A meander is a curve in a river. Meanders form a snake-like pattern as the river flows across a fairly flat valley floor. The position of the curves changes over time.
The river erodes sediment on the outside of the curves and drops it on the inside of curves. This is because the water moves fastest on the outside of a turn. Water does this because it tries to find the path with the weakest resistance. Slip off slopes are formed on the inside of the bend from deposition and river cliffs are formed on the outside of the bend from erosion. Eventually meanders turn into ox-bow lakes when two outside bends erode together making a shorter route for the water.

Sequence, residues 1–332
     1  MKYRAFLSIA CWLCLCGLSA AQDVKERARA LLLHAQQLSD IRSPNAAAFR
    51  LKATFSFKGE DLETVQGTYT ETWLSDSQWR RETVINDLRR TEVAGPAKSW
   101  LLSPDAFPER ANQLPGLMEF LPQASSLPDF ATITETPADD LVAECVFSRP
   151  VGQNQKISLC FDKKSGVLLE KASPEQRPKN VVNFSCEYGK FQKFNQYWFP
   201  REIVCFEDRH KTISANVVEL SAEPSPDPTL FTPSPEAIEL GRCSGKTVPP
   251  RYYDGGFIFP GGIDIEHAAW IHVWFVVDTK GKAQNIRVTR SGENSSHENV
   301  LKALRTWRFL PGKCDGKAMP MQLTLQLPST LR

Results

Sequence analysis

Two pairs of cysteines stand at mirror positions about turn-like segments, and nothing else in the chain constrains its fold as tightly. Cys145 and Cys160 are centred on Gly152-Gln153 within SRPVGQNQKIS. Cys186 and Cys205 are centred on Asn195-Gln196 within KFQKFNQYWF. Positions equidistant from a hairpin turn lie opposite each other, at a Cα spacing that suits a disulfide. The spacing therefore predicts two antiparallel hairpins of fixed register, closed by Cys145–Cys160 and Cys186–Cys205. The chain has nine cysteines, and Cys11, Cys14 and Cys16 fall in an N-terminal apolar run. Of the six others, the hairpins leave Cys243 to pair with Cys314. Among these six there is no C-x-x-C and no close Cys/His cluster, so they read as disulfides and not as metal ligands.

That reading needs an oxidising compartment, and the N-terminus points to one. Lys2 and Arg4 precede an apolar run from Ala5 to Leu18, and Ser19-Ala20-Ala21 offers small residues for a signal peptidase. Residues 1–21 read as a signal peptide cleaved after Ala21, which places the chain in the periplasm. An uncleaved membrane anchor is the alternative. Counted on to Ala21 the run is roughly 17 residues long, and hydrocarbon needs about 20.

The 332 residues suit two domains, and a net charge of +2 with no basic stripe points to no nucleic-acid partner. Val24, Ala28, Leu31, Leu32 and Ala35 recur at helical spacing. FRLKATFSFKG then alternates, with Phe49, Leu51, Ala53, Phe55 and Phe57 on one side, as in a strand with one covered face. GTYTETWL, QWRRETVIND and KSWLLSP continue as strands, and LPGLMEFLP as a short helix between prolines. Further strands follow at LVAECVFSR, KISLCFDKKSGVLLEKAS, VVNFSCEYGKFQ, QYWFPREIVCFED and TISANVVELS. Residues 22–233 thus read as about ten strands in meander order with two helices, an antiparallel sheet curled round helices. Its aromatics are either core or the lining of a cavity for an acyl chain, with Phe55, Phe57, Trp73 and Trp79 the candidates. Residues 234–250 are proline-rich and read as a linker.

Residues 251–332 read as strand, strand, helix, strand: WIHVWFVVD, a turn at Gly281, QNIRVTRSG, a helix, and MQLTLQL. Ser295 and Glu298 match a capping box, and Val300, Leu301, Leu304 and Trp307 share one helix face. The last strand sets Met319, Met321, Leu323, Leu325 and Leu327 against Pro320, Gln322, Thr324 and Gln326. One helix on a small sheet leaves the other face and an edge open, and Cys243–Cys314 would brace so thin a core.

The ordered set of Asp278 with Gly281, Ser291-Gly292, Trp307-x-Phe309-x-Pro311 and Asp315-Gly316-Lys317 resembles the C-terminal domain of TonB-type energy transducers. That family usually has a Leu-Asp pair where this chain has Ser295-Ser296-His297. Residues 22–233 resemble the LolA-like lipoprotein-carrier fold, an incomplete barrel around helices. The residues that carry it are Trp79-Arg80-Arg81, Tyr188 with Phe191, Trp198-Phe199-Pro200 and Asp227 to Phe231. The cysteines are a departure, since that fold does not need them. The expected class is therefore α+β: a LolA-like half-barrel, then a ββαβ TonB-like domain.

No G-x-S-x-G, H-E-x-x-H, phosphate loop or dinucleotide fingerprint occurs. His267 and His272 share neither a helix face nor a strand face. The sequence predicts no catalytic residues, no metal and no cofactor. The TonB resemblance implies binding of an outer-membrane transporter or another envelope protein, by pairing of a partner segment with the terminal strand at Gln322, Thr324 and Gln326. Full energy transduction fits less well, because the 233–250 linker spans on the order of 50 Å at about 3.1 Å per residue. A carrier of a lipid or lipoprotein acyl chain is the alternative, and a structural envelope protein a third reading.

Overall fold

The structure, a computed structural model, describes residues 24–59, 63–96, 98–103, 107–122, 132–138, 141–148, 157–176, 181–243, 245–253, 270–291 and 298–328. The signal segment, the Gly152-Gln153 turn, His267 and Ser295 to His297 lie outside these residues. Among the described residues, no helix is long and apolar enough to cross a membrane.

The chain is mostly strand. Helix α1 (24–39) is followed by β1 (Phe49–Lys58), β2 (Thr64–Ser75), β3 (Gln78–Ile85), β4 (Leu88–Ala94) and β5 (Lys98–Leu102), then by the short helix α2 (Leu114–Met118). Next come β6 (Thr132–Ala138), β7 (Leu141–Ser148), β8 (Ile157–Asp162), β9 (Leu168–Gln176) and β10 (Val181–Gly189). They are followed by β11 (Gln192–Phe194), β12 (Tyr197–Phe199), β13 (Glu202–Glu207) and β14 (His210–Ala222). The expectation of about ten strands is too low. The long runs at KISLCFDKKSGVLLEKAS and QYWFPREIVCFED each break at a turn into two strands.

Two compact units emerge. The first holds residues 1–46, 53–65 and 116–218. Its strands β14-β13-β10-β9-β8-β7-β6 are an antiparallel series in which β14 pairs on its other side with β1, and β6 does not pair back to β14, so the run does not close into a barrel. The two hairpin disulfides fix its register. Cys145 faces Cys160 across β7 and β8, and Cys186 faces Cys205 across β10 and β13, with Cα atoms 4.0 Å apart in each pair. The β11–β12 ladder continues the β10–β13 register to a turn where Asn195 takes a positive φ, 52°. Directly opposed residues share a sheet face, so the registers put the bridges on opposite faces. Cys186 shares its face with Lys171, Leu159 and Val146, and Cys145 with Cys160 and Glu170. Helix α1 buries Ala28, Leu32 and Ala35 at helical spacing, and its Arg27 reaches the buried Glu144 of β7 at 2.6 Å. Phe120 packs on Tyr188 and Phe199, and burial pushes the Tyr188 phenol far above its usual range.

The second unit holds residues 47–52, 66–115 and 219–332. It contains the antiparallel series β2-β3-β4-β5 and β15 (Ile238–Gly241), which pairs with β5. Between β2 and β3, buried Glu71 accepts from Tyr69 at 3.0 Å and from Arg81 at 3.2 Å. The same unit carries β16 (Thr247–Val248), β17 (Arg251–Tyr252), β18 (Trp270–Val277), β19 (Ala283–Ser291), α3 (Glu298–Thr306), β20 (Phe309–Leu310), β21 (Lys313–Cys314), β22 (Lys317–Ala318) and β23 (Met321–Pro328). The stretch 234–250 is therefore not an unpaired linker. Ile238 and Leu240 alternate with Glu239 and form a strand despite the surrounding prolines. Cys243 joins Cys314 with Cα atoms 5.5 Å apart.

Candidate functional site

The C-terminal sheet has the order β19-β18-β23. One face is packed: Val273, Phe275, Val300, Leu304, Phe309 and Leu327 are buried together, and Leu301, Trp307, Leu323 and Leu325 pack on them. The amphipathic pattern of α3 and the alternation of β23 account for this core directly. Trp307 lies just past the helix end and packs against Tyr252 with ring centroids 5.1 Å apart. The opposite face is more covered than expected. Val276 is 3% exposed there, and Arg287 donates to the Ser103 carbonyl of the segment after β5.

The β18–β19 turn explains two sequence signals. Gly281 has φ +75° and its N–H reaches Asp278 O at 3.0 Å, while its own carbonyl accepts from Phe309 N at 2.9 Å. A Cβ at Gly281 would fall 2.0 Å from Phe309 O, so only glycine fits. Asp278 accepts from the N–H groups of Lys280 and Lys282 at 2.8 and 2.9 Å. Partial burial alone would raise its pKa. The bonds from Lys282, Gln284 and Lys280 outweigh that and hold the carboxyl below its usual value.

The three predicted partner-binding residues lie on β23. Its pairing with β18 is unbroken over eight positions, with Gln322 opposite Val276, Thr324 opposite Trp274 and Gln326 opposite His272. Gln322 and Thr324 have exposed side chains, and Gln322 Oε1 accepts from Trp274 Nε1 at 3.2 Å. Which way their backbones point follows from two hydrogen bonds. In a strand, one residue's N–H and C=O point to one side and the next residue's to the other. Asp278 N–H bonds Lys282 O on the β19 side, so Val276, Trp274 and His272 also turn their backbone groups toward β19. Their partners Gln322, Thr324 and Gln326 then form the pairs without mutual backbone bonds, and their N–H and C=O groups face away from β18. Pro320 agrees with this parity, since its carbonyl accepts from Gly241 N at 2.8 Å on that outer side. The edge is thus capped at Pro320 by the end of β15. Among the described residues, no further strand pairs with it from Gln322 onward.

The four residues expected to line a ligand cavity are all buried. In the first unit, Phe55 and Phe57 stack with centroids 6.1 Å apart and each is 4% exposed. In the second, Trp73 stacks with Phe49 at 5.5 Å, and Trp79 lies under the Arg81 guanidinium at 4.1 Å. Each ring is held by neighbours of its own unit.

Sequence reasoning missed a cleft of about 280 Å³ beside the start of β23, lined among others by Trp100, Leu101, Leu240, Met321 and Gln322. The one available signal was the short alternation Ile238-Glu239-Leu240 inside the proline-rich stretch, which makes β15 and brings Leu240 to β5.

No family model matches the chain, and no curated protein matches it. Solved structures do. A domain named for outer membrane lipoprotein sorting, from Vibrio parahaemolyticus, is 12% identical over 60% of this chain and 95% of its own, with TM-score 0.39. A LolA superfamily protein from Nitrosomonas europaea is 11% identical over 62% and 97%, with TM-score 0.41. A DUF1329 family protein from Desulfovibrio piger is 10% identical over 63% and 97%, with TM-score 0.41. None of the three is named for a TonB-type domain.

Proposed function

Meanders were named for a river in Anatolia.